Police this morning sent out word of a senseless, violent crime targeting a pair of homeless men:
On Wednesday, February 22, 2012 at 5:12 a.m. Portland Police officers assigned to Central Precinct responded to a call of a shooting in the 100 block of Southeast Belmont Street. Arriving officers made contact with two men who had been shot. The two men were sleeping when both were shot. One man was grazed by a bullet on the side of his body and the second man was shot in the chest. The man shot in the chest is being transported to an area hospital with possible life threatening injuries.
Officers learned from witnesses that the men were shot in a drive by type shooting by a suspect from a pickup truck. The truck is described as black, newer, 4 doors and had no canopy.
The Forensic Evidence Division and Homicide Detectives are responding to the scene at this time.
Lieutenant Robert King, a police bureau spokesman, is telling reporters that the cops believe the shooting was "random." A well-placed city source who said he spoke with Chief Mike Reese this morning says detectives are vigorously pursuing leads, and that the man who was shot in the chest was maybe in stable condition at a nearby hospital.
The shooting is stirring up a storm of outrage in City Hall and elsewhere—and it highlights the need for more projects like the homeless rest area Right 2 Dream Too at NW 4th and Burnside (which the city is currently trying to nickel-and-dime into oblivion) and the city's recent car camping pilot program. There are places where someone who's homeless can go during the day, like the Bud Clark Commons, but outside the city's crowded, filled shelters, there are no truly safe places to get a good night's sleep.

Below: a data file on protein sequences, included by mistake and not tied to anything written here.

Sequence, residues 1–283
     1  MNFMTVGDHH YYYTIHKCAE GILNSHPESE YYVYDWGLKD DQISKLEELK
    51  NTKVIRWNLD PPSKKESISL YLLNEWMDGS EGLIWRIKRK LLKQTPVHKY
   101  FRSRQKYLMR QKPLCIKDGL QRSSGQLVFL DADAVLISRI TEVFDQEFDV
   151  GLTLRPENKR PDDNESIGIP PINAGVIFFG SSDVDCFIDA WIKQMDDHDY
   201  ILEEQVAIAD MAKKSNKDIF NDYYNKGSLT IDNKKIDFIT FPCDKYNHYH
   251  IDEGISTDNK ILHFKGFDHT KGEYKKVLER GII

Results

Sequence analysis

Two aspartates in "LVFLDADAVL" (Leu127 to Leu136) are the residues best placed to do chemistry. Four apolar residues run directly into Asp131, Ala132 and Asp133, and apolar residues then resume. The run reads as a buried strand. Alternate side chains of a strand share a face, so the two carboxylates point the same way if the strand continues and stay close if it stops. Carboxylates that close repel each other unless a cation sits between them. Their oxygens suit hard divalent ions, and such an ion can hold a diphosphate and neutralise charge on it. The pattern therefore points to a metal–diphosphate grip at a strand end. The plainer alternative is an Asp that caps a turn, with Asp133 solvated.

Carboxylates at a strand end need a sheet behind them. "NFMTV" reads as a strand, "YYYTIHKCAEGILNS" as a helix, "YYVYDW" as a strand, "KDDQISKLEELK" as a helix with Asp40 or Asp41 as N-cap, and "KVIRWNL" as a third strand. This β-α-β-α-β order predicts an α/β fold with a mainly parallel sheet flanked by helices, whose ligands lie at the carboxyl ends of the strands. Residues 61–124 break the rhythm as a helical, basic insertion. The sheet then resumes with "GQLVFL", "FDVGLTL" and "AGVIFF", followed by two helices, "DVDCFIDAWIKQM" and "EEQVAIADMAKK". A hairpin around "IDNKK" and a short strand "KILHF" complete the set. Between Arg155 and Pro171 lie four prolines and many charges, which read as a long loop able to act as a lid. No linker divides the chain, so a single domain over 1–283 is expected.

In a statement, the Reverend Chuck Currie, a police accountability and social services advocate, pointed to a National Coalition for the Homeless project that's pushing to classify such attacks as hate crimes.
"Having served on the NCH board and worked on issues of homelessness and poverty for twenty-five years, I can tell you there are many levels of complexity to the homelessness crisis. But this is a spiritual crisis as much as a political or economic crisis. When we allow people living on our streets to become invisible we begin the process of dehumanization and thus we see the increase in hate crimes against the most vulnerable in our society—those Jesus would have called the "least of these."
Commissioner Nick Fish, who oversees the Portland Housing Bureau and who helped push the new car camping program (but who has so far declined to seek to apply the same model—no code enforcement—to R2DToo), also issued a statement reminding us that people forced to live on the streets are far more likely to endure violence.
I condemn the perpetrator of this ugly act of violence. Two sleeping homeless men were apparently the victims of a random drive-by shooting. One victim has been hospitalized with life-threatening injuries.
Homeless men, women, and children living on our streets are particularly vulnerable to violent acts. In the City's 2011 Street Count, nearly half of those who completed a survey reported being the victim of physical violence or attack.
The City is making progress in its effort to end homelessness. The opening of Bud Clark Commons is but one notable example. This shameful criminal act reminds us that everyone in our community deserves a safe and decent place to call home.
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